FAQ and problem solving

Select each of the questions below to find answers to frequently asked questions in Behaviour Support.

What if others do not agree with the person’s decision?

There are two common reasons why someone might disagree with a decision a person with disability makes:

  1. They are worried that the decision has too much risk.
  • It is important to have an open conversation about risk and how important it is for people with disability to be supported to take risks and have an opportunity to learn from mistakes.
  • Not allowing a person to make a decision that has risks takes away their human right to have control over their own lives. On the other hand ignoring the possible risks might lead to the person being harmed.
    Risk continuum
  • If there is a concern about the risk of harm, it is important to
    • Consider risks for the decision maker and others.
    • Work with the decision maker to explore the positive or negative consequences of the decision.
    • Explore ways to manage the risk and reduce harm.
    • Offer support and ideas that are in line with what is important to the decision maker.
    • Provide opportunities to reflect and learn from mistakes.

2. They disagree because it goes against their own personal values or beliefs.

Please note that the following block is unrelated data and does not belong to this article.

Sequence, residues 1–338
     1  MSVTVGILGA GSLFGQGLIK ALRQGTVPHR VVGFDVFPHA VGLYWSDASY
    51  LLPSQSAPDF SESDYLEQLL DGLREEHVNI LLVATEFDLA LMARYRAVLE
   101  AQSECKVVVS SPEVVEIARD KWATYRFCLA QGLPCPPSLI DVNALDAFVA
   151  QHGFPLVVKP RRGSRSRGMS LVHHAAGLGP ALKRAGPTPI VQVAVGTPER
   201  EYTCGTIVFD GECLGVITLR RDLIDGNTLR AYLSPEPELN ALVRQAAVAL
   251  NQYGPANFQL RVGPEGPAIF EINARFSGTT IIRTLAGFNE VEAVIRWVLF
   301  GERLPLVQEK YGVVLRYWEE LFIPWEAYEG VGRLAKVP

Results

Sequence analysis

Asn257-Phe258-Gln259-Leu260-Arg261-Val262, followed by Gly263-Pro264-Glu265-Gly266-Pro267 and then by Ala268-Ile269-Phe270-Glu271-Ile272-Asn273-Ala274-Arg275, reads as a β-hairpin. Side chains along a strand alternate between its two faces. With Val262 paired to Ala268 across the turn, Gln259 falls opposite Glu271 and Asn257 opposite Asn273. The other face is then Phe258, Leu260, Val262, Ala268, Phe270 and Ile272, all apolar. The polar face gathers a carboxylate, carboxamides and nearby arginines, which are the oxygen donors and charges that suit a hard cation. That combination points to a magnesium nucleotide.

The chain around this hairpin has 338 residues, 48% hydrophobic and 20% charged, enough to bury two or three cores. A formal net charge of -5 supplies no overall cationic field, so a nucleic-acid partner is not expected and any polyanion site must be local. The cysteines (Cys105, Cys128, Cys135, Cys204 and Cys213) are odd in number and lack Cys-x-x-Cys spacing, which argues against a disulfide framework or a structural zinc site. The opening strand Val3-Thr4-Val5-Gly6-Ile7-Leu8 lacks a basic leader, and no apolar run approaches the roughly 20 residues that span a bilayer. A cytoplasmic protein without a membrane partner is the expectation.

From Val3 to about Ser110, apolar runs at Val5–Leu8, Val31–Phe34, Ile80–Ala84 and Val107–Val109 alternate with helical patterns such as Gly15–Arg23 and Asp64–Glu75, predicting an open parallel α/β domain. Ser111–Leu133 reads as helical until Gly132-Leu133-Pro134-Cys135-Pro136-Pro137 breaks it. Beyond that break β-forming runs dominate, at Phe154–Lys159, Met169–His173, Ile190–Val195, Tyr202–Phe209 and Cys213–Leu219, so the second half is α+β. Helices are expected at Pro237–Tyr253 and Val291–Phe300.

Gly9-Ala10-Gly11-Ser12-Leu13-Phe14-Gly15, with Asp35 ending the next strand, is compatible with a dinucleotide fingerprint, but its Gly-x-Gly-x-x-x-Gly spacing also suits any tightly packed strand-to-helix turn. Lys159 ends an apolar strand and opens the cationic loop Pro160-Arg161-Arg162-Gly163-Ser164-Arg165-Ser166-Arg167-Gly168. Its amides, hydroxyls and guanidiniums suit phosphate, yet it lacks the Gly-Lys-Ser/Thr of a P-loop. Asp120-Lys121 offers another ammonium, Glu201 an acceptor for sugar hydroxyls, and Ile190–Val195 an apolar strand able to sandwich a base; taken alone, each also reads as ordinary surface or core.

• A person might disagree with a decision because they hold certain beliefs that are different to the person with disability’s beliefs. For example, they may not believe in sex before marriage, therefore do not support the decision of an unmarried person to move in with their partner.
  • As a supporter, it is important to advocate for the right of the person to make decisions that are in line with their own will and preference (their own beliefs, values and everyday likes and dislikes).
  • It is important to explain to others that they do not have right to influence the persons decision or make a decision on behalf of the person based on what they think is best.
  • If you feel you need help to advocate for the person, you can contact an advocacy service for advice. Find an advocate | Disability Advocacy Network Australia

How do I support decisions for a person under guardianship?

People who have a legal guardian still have the right to make decisions about their life. Legal and public guardians usually only have the authority to make substitute decisions about certain parts of a person’s life. For example, a guardian might only have the legal authority to make health and medical decisions on behalf of someone. It is important to find out what legal authority the guardian has.

If a guardian has the legal authority to make a decision on behalf of someone, they should first make sure that the person has access to the supporters and adjustments they want and need, to make more of their own decisions, before a substitute decision is made.

If a guardian has made every attempt to communicate to the person, but is unable to understand the person’s will and preference (their own beliefs, values and everyday likes and dislikes), they must make a substitute decision based on what the person would choose for themselves, if they could make the decision.